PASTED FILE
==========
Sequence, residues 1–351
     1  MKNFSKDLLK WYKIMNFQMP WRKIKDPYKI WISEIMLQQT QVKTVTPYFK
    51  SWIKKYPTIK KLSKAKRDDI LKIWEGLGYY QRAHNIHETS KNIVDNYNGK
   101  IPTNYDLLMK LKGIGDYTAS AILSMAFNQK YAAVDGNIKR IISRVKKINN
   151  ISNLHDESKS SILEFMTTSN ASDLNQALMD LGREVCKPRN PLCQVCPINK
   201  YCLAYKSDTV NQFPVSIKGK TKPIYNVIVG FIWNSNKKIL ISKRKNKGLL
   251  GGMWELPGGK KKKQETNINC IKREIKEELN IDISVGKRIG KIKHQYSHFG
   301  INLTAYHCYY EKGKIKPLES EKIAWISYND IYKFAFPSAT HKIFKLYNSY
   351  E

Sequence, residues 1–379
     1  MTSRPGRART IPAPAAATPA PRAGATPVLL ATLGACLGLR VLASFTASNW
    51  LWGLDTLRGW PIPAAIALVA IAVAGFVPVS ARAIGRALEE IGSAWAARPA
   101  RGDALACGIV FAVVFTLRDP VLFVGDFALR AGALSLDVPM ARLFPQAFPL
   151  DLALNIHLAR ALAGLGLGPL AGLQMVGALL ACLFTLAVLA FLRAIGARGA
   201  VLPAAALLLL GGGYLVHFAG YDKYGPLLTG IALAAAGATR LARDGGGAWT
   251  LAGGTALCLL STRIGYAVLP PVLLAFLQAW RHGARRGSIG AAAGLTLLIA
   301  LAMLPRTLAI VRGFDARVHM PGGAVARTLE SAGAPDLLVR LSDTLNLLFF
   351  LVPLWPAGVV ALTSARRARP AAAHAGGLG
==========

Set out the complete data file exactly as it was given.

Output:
Sequence, residues 1–351
     1  MKNFSKDLLK WYKIMNFQMP WRKIKDPYKI WISEIMLQQT QVKTVTPYFK
    51  SWIKKYPTIK KLSKAKRDDI LKIWEGLGYY QRAHNIHETS KNIVDNYNGK
   101  IPTNYDLLMK LKGIGDYTAS AILSMAFNQK YAAVDGNIKR IISRVKKINN
   151  ISNLHDESKS SILEFMTTSN ASDLNQALMD LGREVCKPRN PLCQVCPINK
   201  YCLAYKSDTV NQFPVSIKGK TKPIYNVIVG FIWNSNKKIL ISKRKNKGLL
   251  GGMWELPGGK KKKQETNINC IKREIKEELN IDISVGKRIG KIKHQYSHFG
   301  INLTAYHCYY EKGKIKPLES EKIAWISYND IYKFAFPSAT HKIFKLYNSY
   351  E

Sequence, residues 1–379
     1  MTSRPGRART IPAPAAATPA PRAGATPVLL ATLGACLGLR VLASFTASNW
    51  LWGLDTLRGW PIPAAIALVA IAVAGFVPVS ARAIGRALEE IGSAWAARPA
   101  RGDALACGIV FAVVFTLRDP VLFVGDFALR AGALSLDVPM ARLFPQAFPL
   151  DLALNIHLAR ALAGLGLGPL AGLQMVGALL ACLFTLAVLA FLRAIGARGA
   201  VLPAAALLLL GGGYLVHFAG YDKYGPLLTG IALAAAGATR LARDGGGAWT
   251  LAGGTALCLL STRIGYAVLP PVLLAFLQAW RHGARRGSIG AAAGLTLLIA
   301  LAMLPRTLAI VRGFDARVHM PGGAVARTLE SAGAPDLLVR LSDTLNLLFF
   351  LVPLWPAGVV ALTSARRARP AAAHAGGLG